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Is Congress pushing for mega year-end elections?

August 02, 2013 10:03 IST

Is Congress pushing for mega year-end elections?

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Anita Katyal in New Delhi

Voices in the Congress pressing for simultaneous Lok Sabha and assembly elections this year-end are getting louder, reports Anita Katyal.

The general election is scheduled for next April while assembly polls in Madhya Pradesh, Rajasthan, Chhattisgarh, Delhi and Mizoram are slated for late November or early December.

There are heated deliberations in the Congress these days about the timing of the next elections. Although the official line trotted out by party spokespersons is that the Lok Sabha poll will be held as per schedule, the discussion about the forthcoming polls has gathered momentum following a spate of recent election surveys which paint a grim picture for the ruling Congress-led United Progressive Alliance government.

Similarly, its internal surveys have also not been particularly encouraging for the party.

Consequently, there is a growing view in the Congress that it would be advisable to club the Lok Sabha and assembly polls because the coming days may see a further slide in the party’s popularity ratings instead of showing any improvement. With corruption charges, price rise, a weakening rupee and an industrial slump casting a long shadow on the party’s electoral prospects, the number of Congress leaders and ministers wanting a December general election is growing.

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Image: Some in the Congress feel that early elections is the only way to improve its poll prospects
Photographs: Amit Dave/Reuters

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Congress unsure about the Modi impact

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Those who do not want the election schedule altered point out that that the UPA needs time to implement its flagship programmes like the Food Security Bill and the Direct Benefits Transfer scheme so that its benefits percolate down to the people while a good monsoon promises a bumper kharif crop and excellent rabi sowing. All these factors, they say, will work in favour of the Congress.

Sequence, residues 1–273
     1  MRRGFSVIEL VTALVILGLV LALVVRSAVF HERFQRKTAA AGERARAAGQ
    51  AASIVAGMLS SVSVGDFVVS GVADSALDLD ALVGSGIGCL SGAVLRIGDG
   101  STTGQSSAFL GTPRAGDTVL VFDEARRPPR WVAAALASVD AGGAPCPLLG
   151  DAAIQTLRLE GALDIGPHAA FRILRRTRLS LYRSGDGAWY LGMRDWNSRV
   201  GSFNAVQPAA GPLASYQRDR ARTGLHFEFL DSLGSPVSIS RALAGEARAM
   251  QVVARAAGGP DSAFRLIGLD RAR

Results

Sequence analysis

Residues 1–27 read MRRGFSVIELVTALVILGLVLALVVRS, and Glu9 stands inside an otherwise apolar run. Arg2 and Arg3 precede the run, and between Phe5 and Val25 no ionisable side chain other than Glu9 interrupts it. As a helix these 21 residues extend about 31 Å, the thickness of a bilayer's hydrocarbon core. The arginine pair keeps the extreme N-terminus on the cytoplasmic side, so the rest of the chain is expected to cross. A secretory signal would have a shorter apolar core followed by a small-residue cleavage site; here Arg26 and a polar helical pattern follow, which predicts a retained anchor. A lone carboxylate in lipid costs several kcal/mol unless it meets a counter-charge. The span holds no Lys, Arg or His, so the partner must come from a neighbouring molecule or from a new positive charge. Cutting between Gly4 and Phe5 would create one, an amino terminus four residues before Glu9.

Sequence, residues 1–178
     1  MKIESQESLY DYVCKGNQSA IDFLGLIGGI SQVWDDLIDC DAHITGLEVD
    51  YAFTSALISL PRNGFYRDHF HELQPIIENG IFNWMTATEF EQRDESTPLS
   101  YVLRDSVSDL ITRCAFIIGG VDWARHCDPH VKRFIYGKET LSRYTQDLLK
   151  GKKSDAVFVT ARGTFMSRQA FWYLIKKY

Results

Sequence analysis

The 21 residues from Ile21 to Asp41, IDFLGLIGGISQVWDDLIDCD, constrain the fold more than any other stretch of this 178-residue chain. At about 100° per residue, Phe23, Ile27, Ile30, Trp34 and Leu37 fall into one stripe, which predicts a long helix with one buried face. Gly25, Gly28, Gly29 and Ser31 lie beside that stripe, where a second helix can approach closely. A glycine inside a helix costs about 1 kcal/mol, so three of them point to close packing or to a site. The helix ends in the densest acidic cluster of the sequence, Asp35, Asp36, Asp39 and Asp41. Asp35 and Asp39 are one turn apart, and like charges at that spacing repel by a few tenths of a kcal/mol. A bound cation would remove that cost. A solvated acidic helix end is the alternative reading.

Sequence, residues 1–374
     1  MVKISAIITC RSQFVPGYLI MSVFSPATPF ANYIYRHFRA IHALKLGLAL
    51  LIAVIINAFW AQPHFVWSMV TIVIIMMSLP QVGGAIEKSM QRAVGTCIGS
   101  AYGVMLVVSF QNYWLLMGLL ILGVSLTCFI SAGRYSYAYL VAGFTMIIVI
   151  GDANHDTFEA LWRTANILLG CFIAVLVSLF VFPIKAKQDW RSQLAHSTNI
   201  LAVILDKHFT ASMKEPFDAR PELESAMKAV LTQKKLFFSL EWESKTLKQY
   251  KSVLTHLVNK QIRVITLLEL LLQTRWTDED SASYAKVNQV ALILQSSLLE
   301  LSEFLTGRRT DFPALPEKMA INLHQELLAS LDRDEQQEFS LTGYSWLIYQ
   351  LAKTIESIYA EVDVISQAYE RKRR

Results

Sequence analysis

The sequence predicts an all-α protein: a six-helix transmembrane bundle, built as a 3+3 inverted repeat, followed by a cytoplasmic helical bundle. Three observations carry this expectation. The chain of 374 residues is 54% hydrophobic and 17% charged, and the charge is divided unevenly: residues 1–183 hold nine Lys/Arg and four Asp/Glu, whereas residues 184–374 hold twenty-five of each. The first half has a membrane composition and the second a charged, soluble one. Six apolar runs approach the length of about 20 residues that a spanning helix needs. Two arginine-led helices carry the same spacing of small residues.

On the other side, it is being argued that advancing the election will take the opposition camp led by the Bharatiya Janata Party by surprise and give them less time to prepare for the polls.

As it is, the BJP rank and file is already feeling energised ever since Gujarat Chief Minister Narendra Modi was named the party’s campaign committee chief.

Getting into poll mode, the BJP has set up several committees to prepare for elections while Modi is slated to address 100 public meetings and rallies in the coming months.

The Congress is clearly nervous that Modi’s powerful oratory and PR skills will further queer the pitch for the already-beleaguered party. Although the Congress has adopted a nonchalant attitude towards the Gujarat strongman in public, the party is not sure about the impact Modi will make across the country.